Wordsmiths & Warriors

Review of Wordsmiths & Warriors: The English-Language Tourist’s Guide to Britain by David and Hilary Crystal.
Oxford: Oxford University Press, 2013. 424pp.

Wordsmiths & Warriors relates a real journey of thousands of miles undertaken by David and Hilary Crystal. The result is a fascinating combination of English-language history and travelogue (the study gives detailed instructions on how to find each place mentioned). David is responsible for the descriptions, and Hilary, for the full-colour photographs. The book comprises a guide for those wishing to follow in their footsteps; at the same time, it reflects the chronology of the language. The Crystals visit places associated with such well-known writers as Chaucer, Shakespeare, and Wordsworth; dictionary compilers such as Johnson and Murray; and a number of well-known and lesser-known dialect writers, elocutionists, and grammarians. Warrior wordsmiths such as King Alfred are also mentioned.

Wordsmiths & Warriors emphasises the centrality of the Anglo-Saxon, medieval and early modern periods in the development of the English language as it is known today. A progressive view of language change and transition is generally avoided in the study in favor of a more personal selection of texts. The scope of the book is wide, incorporating small villages as well as major cities, ancient texts and more modern ones. Fifty-seven chapters take us to places as far apart as St Albans, Peterborough, West Malvern, Grasmere, Bath, Pegwell Bay, Lindisfarne, Cerne Abbas, Bourne, Canterbury, and Oxford. Wordsmiths & Warriors gives its readers an appetite to know more as fascinating details about the relationship between places and literary works emerge. The most important names are included: Chaucer (Southwark and Canterbury); Shakespeare (Stratford-upon-Avon and Park Street, London – the location of the original Globe Theatre), Dryden, Burns, Wordsworth, Hardy, George Bernard Shaw, and Dylan Thomas. The Bible is discussed in detail in relation to a number of geographical locations, including Lutterworth, Leicestershire, where Wycliffe translated the Bible in the 14th century, and Hampton Court Palace, where the King James Bible evolved at the famous Hampton Court conference.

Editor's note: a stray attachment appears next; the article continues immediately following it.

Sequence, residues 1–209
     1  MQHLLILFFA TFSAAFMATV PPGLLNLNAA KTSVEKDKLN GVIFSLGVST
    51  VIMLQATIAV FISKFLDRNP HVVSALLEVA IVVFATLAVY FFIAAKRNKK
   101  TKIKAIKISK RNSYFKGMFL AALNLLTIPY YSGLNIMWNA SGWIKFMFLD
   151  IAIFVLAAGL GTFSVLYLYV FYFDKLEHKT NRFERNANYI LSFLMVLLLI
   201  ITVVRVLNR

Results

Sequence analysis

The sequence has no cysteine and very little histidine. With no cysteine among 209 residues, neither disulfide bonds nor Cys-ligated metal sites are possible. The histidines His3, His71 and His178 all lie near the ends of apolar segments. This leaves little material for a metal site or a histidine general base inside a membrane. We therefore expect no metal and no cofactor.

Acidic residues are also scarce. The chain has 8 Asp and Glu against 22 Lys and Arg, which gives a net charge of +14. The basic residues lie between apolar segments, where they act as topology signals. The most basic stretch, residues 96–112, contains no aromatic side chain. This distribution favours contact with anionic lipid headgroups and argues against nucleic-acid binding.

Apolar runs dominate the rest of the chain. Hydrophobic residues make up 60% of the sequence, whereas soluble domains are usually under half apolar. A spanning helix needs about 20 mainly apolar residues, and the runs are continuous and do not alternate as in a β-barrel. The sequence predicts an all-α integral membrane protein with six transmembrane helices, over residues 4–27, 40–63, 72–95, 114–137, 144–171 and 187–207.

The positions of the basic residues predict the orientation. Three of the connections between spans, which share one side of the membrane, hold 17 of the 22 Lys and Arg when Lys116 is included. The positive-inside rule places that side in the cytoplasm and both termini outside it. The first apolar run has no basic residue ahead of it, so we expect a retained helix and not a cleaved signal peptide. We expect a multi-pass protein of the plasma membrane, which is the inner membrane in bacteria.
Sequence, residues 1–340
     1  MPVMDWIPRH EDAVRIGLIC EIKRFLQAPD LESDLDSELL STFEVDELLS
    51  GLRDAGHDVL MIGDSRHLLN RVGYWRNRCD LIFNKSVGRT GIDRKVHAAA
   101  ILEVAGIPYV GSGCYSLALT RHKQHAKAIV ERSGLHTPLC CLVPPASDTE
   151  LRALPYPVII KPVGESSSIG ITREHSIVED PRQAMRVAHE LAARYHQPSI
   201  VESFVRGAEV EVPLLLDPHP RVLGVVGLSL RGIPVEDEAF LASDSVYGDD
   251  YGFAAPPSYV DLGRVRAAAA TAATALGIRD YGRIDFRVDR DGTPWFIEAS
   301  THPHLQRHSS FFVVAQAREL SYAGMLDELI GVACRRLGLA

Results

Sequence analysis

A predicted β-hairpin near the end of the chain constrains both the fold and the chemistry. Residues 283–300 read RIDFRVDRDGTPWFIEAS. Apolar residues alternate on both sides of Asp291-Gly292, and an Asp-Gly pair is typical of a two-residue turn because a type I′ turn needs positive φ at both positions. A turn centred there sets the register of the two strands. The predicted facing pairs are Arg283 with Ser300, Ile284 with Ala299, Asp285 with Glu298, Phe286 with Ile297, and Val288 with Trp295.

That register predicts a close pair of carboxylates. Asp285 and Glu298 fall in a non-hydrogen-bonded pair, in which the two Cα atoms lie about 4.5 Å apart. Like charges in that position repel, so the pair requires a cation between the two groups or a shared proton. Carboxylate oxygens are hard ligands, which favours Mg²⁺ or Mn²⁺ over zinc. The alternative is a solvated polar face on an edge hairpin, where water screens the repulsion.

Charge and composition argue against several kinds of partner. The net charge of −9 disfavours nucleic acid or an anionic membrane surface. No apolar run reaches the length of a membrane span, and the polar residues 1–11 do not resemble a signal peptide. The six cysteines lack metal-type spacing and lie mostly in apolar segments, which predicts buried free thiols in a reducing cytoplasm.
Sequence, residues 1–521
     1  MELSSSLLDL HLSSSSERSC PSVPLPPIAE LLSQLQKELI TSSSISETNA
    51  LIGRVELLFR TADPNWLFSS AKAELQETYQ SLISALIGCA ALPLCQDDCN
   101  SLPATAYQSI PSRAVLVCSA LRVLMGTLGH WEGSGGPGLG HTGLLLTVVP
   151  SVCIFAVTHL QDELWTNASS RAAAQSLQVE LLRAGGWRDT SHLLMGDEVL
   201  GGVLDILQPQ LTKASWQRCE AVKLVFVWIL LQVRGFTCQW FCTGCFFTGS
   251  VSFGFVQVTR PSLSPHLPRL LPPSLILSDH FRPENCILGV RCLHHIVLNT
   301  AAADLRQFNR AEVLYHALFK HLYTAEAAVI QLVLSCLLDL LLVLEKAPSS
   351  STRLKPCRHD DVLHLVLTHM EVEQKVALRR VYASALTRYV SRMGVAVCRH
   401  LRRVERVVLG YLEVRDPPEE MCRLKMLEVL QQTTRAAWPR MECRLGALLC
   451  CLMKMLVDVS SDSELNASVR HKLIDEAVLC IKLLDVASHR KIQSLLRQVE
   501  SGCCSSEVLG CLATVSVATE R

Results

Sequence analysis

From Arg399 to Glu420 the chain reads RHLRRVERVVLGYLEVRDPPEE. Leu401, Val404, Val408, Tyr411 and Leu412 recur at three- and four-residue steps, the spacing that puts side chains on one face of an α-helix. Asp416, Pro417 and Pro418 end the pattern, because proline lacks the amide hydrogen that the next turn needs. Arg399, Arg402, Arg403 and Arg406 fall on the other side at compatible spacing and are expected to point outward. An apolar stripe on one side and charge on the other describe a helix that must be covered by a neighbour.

A number of chapters consider works of reference, such as dictionaries and encyclopedias. Samuel Johnson’s Dictionary of the English Language (1755) takes the reader to Lichfield and London. The original Encylopaedia Britannica, known as Chambers Dictionary of Arts and Sciences, compiled upon a New Plan (1768), introduces the reader to Peebles and Edinburgh in Scotland.

The Crystals also discuss poor writers who became rich as a result of their literary productions. A case in point is Joseph Wright of Saltaire, a so-called ‘donkey boy’ (a donkey cart driver) who ultimately became Professor of Philology in Oxford and compiler of the English Dialect Dictionary (1898-1905). The Crystals conclude that spoken language puts people on the same level; writing, for some of our most famous authors, is a way to achieve social advancement.

Wordsmiths & Warriors is an excellent reference book for teachers and students of English literature and language alike. It relates developments in English to historical moments and places in Britain, making the study of English literature and language both fascinating and accessible. A scholarly work by one of the most famous contemporary writers, editors, lecturers, and broadcasters in the world (David Crystal), and the accomplished sub-editor of encyclopedias published by Cambridge and Penguin (Hilary Crystal), Wordsmiths & Warriors demonstrates that language is a living thing. Beautifully illustrated and with a comprehensive general index as well as an index of places, Wordsmiths & Warriors is a valuable resource for all interested in learning more about the English language and the places associated with it.

The Crystals’ journey is based on a love of the English language, English literature, and of Britain itself. In his introduction, David Crystal writes that the journey “has been a hugely rewarding experience, which added a sense of place to my knowledge of language topics and personalities, and I strongly recommend it as a powerful way of making language study come alive”. Picking up David’s challenge and embarking on this journey, the reader will certainly not be disappointed with Wordsmiths & Warriors as a guide.